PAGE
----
After work on Friday, we met at a pub called The Castle near Faringdon. In hindsight, I should have taken the five minute tube ride because I was soaked after the ten minute walk. Wet and bedraggled, a run in my stockings, make up slightly smeared, and wearing purple sneakers with my business clothes, and that leaves out the bit about being 40 and deemed obese by the Wii Fit on a daily basis. I am legendarily ridiculous, but this did not stop us from having a pint and some dinner in the city.
Saturday morning we packed up our bags and went back into town for our London anniversary weekend. We stayed at Charring Cross Hotel, which is trying to be a nice place despite the fact that Charring Cross Underground is the most pee smelling station in London. Given the circumstances, I think the hotel is doing very well - nice rooms, bathrobes and slippers. I don't think they will make it though, because they are selling themselves as an Executive Hotel and if you want the business trade but don't quite have enough hot water to go around on a Sunday morning, you'll never make it.
We spent some of the afternoon wandering around Trafalgar Square, and had a nice visit with the Caravaggio's and VanGogh's in National Gallery. The square itself was blocked off for some kind of dance event, and we saw loads of people with colorful dots on their shirts but never could figure out what was happening when. Which is like most Olympic experiences.
In the evening we had a not very fancy but fairly delicious barbecue dinner are Garfunkles, which may be the UK equivalent of Applebees. There is a weird shortage of barbecue sauce here, and they seem to only lightly shake the bottle over top of your plate, instead of coating things in it. This is odd because given the chance they will slather anything with mayonnaise so it's not like they do not enjoy their sauces.
And then for our very special treat, we went to see "Singing in the Rain." It was lovely. Most of the London Theater is basically ridiculous -- it's all musical versions of the Lion King and then shows made out of pop songs like Mama Mia. At least "Singing in the Rain" has the advantage of 70 years of dignity built in.
In line at intermission, a lady from California struck up a conversation. It's always slightly awkward to have random conversations with other Americans. You feel like you should instantly hit it off, but not all Americans were meant to be magical best friends. There's also a pretty big divide between Americans on holiday, and Americans who live here. It goes something like,
"You live here, that's amazing, you must be so happy!" "Nope, the weather has been horrible, I miss my parents, the commute is atrocious, and Target is the best store in the Universe. This place sucks and I'm miserable at least 20% of the time." "Oh."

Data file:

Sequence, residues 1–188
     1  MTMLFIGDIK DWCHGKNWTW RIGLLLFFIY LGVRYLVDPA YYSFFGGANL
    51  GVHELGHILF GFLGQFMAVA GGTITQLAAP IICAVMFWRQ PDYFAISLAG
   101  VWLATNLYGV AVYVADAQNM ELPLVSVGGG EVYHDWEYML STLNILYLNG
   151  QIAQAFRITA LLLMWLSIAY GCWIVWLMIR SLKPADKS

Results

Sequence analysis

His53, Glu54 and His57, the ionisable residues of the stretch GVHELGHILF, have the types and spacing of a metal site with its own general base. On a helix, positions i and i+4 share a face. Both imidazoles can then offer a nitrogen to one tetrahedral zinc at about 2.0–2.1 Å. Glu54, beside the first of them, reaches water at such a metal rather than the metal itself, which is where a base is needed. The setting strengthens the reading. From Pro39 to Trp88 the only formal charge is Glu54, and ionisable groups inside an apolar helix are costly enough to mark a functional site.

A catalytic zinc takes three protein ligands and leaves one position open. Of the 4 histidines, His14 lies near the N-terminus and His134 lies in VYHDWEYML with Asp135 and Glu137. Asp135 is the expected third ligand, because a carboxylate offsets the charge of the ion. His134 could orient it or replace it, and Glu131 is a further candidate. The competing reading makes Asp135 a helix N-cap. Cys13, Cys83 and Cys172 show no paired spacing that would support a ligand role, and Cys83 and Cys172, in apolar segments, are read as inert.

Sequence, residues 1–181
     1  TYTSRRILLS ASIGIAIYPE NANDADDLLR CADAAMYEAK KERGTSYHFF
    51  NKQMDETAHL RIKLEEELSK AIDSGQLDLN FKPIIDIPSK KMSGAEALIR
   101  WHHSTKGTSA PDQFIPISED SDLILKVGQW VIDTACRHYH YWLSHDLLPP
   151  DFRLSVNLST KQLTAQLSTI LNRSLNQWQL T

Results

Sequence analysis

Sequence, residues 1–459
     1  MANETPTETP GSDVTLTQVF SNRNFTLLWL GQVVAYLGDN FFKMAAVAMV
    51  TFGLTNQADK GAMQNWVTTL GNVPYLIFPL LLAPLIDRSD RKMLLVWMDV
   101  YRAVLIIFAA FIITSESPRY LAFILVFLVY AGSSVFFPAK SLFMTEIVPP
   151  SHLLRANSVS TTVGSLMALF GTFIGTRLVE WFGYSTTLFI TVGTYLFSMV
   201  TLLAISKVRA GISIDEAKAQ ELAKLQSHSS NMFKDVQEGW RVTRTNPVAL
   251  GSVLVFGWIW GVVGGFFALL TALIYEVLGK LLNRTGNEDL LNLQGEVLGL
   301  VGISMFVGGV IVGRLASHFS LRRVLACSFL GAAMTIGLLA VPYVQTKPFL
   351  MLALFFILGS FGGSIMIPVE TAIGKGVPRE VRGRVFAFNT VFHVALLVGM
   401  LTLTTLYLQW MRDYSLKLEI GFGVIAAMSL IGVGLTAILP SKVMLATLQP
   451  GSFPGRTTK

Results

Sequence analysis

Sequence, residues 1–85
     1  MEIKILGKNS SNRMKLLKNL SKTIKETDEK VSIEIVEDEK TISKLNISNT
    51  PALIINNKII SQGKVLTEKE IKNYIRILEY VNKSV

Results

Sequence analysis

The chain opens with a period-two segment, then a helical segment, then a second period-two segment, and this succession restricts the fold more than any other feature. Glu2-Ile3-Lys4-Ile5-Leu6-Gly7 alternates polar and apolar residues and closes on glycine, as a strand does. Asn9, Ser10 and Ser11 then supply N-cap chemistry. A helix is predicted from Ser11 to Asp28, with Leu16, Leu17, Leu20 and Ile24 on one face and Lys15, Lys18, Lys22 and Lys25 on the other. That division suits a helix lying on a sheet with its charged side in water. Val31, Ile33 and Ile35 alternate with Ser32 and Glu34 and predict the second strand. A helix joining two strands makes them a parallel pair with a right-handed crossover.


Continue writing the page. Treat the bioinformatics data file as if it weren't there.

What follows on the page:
Should I just start lying? It is getting better, but I cannot say that I love living here when most of my clothes are starting to smell like mildew because, like most people, we don't have dryer and it takes three days for them to dry.
After the show, we Walked in the Rain to the Savoy, and had massively overpriced and delicious drinks at The American Bar. I now want to buy silver cups and learn to make Mint Juleps.
Yesterday, finding ourselves in Central London on day with limited rain, we thought we ought to take a look around the place. We took a Big Bus Tour, which turned out to be mostly terrible as I think Kristjan and I could have done a better job than the prerecorded commentary which was mostly music. How can that even happen? They ran out of random things to say about London? But it was good to ride around the city. We saw the Olympic rings hanging from Tower Bridge, and the Olympic Road lanes which pop up without warning and cut off the flow of traffic.
We got off the bus and took a walk near Hyde Park, and could hear the booming speakers for blocks. They've been having concerts there -- Kylie was canceled for mud, but Bruce Springsteen was there Saturday night, and Madonna is some night this week. I understand the park has been turned into a mud pit, and given how load the Sunday afternoon test was, the neighbors must be well and truly annoyed. All that aside, our walk intentionally took us by the US Embassy, and I was very happy to see my flag.
After that jam packed weekend, there was nothing left to do but rush home so that we could get a dehumidifier from Argos. It has to stand upright for a day before you can use it, but we are very excited to start extracting water from our damp flat.
For the record, it has rained for at least a week and a day. Yesterday was mostly dry but I heard rain late last night, and it is raining this morning. 8 Days of rain and counting. Tomorrow should be dry, but this has been the weather all summer -- rain for a week, on dry day, rain for ten days, and one dry day.